31. Go to a Video Arcade

If you’d like a walk down memory lane while having father-son time, visit a video arcade. Arcades tend to feature family-friendly, non-violent games and may even have some of the same games you played as a child. When the two of you get tired of video games, you can play skee ball, air hockey or a classic basketball arcade game.

32. Learn Guitar Together

If you always wanted to be a guitar hero and now your son shares the ambition, why not take guitar lessons together? Children as young as 6 or 7 can start learning the basics. Playing guitar can build math and memory skills, give boys an emotional outlet and boost your son’s social life. Find a good guitar teacher and join your son, and the two of you can compare callouses!

33. Plant a Tree

There are so many reasons to plant trees. They provide shade, produce oxygen, give shelter to animals and birds and look beautiful. Plant one in your own space, and you’ll increase your property value, too. If you don’t have a spot for a tree, join a volunteer organization with your son and beautify your community together.

34. Put Together a Model Car

Long before Lego, boys spent hours putting together models of their favorite cars. You can share that hobby with your son today. Kits are usually designated with a skill level that can range from 1 to 5. Choose a simple snap-together kit for your first foray into model building, or look for a skill level of 1 or 2. Most model kits are put together with glue that has some powerful fumes. You can use less stinky glues, but they won’t weld the pieces together in quite the same way. If you use traditional model glue, always work in a well-ventilated area.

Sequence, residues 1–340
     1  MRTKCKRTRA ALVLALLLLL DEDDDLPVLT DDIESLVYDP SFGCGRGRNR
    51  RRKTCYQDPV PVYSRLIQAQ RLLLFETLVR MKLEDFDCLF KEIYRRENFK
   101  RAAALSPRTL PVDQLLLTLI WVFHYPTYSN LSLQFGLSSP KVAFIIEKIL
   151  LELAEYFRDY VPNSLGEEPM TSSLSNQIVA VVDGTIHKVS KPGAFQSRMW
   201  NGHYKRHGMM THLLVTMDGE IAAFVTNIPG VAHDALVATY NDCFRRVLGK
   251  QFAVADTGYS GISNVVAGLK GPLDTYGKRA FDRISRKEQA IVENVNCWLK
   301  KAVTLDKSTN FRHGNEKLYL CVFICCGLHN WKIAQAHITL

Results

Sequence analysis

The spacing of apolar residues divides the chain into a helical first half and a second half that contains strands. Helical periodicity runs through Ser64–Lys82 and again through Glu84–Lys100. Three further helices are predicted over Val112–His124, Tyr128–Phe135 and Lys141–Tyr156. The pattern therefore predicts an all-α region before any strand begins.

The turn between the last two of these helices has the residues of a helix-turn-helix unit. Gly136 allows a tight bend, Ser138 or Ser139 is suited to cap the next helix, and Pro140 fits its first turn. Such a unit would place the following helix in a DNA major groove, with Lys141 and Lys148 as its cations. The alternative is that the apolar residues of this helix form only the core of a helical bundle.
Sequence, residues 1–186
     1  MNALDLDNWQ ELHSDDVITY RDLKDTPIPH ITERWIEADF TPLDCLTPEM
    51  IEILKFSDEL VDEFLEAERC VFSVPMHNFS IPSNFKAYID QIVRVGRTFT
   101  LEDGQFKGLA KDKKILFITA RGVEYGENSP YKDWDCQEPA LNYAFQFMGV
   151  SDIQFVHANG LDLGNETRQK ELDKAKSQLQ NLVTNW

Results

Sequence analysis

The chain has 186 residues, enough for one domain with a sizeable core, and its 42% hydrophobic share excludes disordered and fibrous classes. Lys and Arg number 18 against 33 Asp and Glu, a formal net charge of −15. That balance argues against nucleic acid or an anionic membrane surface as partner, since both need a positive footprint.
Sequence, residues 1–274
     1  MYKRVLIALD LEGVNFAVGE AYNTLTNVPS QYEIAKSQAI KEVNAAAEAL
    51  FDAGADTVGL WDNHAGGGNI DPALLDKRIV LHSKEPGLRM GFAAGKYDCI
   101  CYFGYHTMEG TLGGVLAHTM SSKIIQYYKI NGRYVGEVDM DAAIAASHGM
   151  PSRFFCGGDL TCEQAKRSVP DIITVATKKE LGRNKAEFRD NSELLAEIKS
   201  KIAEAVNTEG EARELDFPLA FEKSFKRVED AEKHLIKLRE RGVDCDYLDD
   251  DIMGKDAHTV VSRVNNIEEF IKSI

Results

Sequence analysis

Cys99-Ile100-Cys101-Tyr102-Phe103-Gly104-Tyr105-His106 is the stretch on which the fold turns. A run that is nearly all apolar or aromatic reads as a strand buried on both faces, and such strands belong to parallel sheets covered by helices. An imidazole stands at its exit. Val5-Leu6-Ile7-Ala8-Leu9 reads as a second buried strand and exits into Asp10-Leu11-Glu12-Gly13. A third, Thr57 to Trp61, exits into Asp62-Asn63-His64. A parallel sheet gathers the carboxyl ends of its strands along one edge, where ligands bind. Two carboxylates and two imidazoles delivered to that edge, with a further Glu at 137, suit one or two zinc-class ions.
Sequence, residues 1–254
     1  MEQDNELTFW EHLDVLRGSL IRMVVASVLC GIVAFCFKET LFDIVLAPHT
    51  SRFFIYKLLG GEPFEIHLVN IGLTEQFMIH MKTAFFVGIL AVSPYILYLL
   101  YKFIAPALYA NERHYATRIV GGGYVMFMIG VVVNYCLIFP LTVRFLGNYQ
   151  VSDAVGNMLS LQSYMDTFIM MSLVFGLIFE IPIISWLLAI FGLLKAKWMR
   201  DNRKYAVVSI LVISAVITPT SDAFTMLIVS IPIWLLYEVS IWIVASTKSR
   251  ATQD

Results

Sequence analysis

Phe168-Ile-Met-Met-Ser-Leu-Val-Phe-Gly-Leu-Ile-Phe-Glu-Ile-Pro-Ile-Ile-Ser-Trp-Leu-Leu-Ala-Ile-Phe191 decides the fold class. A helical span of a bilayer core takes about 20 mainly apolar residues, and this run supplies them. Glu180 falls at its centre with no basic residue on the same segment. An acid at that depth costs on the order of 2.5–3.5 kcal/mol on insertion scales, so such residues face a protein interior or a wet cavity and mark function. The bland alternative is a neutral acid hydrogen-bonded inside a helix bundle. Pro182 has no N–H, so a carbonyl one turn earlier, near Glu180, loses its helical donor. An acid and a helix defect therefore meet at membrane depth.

35. Do Some Stargazing

If your son is interested in the stars and space, you can feed that interest in several ways. For classic star-watching, you’ll need an open sky in an area with little light pollution. Download an astronomy app to your phone to unlock a load of resources. You can also plan a visit to a observatory or planetarium.

36. Try Surfing

Seeing your son get up on a surfboard for the first time can be quite a thrill! Unless you are an experienced rider, sign him up for lessons. You can join him in surf school or be his designated photographer. Surfing improves balance and increases coordination. It’s also a good confidence builder.

37. Teach Him Some Tailgate Games

Even if you never go to tailgate parties, you and your son can have a bushel of fun with tailgating games. Think about it. Tailgate games have to take up a minimum of space and be safe for spectators. That’s a good formula for at-home games, too. Some of the most popular are the beanbag game popularly known as cornhole, washers and ladder golf.

38. Enjoy RC vehicles

Radio-controlled vehicles are a good way to get your son outside and moving. Manipulating an RC vehicle also builds motor skills. Older children will pick up math and physics knowledge without even knowing it. Although RC vehicles can be phenomenally expensive, you can buy cheaper models for kids. To get free advice, join an RC community in your area or online.

39. Work on a Car

All kids can benefit from knowing a bit about automobiles, but you should choose tasks that are suitable for your son’s age level. Start him off by letting him help you wash the car. This gives you a chance to introduce simple terms like hood, fender, bumper, windshield and chassis. Next, show him how to change an air filter or replace wiper blades. He can also be your assistant. Just learning the names of the different items in your tool box can be a challenge for him! As he gets into the teen years, he can learn to change and rotate tires, replace fluids and learn other skills that will serve him well once he becomes a vehicle owner.

40. Listen to Podcasts

Enjoying a great podcast together is a good way to pass the time while driving or while doing chores together. This pastime builds listening skills and can also be enormously educational and enjoyable. There are podcasts especially for kids, some of which can be interesting to adults, but don’t be surprised if your son gets hooked on one of your favorites. Just check out episodes ahead of time to make sure they don’t have adult themes.